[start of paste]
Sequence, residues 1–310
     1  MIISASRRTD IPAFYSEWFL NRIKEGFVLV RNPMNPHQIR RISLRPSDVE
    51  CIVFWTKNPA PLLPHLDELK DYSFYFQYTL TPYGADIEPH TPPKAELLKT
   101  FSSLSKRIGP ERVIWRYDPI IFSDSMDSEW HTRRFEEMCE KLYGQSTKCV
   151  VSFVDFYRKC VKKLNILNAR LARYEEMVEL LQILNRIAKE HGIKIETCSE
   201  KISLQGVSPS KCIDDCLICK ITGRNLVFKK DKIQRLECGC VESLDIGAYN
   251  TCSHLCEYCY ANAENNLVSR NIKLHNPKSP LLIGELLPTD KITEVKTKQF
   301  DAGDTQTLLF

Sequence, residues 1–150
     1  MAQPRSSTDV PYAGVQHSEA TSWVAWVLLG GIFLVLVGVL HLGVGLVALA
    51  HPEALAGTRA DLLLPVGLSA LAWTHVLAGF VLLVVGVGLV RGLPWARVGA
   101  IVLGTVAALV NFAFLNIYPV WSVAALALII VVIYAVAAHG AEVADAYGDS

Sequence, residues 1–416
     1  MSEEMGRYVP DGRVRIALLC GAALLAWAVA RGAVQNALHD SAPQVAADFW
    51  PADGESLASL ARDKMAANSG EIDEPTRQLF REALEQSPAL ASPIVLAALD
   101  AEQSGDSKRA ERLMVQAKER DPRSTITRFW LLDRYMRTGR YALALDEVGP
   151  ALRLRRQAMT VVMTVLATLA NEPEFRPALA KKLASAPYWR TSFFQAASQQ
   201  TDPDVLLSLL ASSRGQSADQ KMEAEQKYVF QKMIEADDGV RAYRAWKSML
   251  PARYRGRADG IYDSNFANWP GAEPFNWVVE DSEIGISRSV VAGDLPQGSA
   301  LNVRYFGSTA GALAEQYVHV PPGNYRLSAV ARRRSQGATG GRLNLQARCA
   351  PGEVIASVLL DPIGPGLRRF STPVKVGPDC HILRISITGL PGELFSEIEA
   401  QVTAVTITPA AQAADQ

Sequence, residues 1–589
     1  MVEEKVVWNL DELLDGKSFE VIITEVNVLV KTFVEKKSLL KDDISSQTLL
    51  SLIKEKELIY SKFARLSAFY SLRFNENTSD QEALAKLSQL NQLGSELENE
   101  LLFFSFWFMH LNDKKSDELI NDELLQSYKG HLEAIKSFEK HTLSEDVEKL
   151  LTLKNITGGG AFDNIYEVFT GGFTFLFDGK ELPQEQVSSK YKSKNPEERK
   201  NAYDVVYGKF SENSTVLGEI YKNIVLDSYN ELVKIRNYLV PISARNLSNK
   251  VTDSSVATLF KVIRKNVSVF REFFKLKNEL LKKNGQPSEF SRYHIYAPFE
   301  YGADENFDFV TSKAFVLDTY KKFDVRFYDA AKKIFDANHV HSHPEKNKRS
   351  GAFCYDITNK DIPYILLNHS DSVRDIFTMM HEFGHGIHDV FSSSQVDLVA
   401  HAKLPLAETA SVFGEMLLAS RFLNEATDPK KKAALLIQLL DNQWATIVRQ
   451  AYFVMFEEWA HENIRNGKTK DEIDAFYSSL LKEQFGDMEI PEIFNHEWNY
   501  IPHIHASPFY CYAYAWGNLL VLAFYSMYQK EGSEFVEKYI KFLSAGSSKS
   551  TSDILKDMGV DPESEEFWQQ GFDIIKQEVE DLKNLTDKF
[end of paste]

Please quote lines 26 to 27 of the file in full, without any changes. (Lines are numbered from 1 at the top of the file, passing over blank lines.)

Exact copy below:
   101  LLFFSFWFMH LNDKKSDELI NDELLQSYKG HLEAIKSFEK HTLSEDVEKL
   151  LTLKNITGGG AFDNIYEVFT GGFTFLFDGK ELPQEQVSSK YKSKNPEERK